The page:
Franklin, 63, was convicted last week of the 10 "Grim Sleeper" killings, along with the attempted murder of Enietra Washington, who survived being shot in the chest and pushed out of a moving vehicle in November 1988. In testimony Feb. 25, she identified Franklin as her assailant.
Washington is expected to be called back to the stand Friday to testify about her ordeal.
During the penalty phase of trial, the seven-woman, five-man jury is being asked to recommend whether Franklin should be sentenced to death or life in prison without the possibility of parole.
Franklin's attorney declined to present an opening statement today at the start of the penalty phase, which is expected to last more than a month.
During the trial's guilt phase, jurors did not hear about the other five women Franklin is suspected of killing.
Prosecutors began the latest phase of the case by calling the first in a series of relatives of the women whom Franklin was convicted of murdering.
With his voice rising, Porter Alexander Jr. -- the father of 18-year-old murder victim Alicia Alexander -- said, "It was a devastating blow that I received when they came and told me they had found my daughter."
The 75-year-old man said he has kept his youngest daughter's belongings "because she's not gone in my heart."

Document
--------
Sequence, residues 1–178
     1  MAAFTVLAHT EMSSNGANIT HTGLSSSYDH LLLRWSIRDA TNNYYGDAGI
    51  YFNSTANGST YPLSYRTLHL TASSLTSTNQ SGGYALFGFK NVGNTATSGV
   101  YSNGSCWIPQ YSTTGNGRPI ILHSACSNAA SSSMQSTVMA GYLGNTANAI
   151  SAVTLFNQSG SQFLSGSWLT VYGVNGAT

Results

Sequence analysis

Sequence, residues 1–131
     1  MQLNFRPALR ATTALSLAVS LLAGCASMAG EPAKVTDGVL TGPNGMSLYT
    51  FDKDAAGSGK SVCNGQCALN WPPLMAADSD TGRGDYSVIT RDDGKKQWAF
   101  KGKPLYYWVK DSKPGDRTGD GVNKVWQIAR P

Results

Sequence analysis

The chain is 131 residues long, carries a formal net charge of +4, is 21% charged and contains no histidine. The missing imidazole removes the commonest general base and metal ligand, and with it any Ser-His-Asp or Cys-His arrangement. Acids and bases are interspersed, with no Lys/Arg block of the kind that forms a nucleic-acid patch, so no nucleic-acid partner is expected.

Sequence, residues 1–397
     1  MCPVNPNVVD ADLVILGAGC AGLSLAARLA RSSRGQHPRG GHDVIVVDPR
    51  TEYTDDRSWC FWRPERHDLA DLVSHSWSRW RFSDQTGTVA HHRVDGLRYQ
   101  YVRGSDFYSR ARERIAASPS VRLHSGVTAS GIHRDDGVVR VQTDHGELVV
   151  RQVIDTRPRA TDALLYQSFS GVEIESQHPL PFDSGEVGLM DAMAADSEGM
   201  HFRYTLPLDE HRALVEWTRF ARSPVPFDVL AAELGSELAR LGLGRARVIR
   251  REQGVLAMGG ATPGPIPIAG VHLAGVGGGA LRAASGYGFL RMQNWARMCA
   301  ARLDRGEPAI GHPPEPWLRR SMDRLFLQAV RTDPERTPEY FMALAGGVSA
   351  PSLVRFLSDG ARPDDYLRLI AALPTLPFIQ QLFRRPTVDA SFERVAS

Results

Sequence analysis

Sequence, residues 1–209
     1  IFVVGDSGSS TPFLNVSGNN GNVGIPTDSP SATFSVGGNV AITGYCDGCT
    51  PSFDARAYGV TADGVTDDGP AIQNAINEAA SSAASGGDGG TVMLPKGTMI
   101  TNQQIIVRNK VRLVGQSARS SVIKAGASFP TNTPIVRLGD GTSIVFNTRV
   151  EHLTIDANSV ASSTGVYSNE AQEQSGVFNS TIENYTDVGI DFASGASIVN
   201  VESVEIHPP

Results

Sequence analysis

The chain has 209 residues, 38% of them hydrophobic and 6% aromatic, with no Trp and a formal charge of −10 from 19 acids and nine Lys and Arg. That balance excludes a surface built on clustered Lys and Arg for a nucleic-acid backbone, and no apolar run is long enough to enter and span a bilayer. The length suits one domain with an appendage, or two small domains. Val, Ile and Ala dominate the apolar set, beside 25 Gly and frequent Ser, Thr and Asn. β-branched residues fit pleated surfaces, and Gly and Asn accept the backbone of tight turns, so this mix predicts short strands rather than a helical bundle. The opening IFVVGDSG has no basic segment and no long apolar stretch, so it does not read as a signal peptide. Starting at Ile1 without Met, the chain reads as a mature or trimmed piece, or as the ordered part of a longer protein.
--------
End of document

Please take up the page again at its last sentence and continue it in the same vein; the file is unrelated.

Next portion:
He noted that he has been coming to court over the past six years, and said that "there's nothing going to stop me other than death."
Mary Alexander, who used a cane to walk to the witness stand, called her slain daughter "my baby girl."
"She was precious, loveable, loved everybody," the woman said, telling jurors that she went into a "shell" after her daughter's death.
"The hurt is still there, the pain is still there," she said.
Kenneitha Lowe told jurors she goes to the cemetery whenever she feels like she needs to talk to her sister, Mary Lowe, who was killed in 1987. She said she remembers "the good times we had together and now it's gone."
"... Her life was lost for no reason," she said of her sister, who had danced on the TV show "Soul Train."
Lowe's cousin, Tracy Williams, told jurors, "This was our introduction to murder, death and killing ... I still don't understand it to this day."
One of Henrietta Wright's five children, Rochell Johnson, told jurors she was 4 years old when her mother was killed.
Johnson said she went to the cemetery for the first time last year and thought, "If she only could have seen the evil in that man, she wouldn't be there."
Wright's son, Willie Bush, said he "passed out" after being told that his mother had been murdered and felt bad that he had not been there to protect her.
"I just wish that she could still have been here on this earth," he said.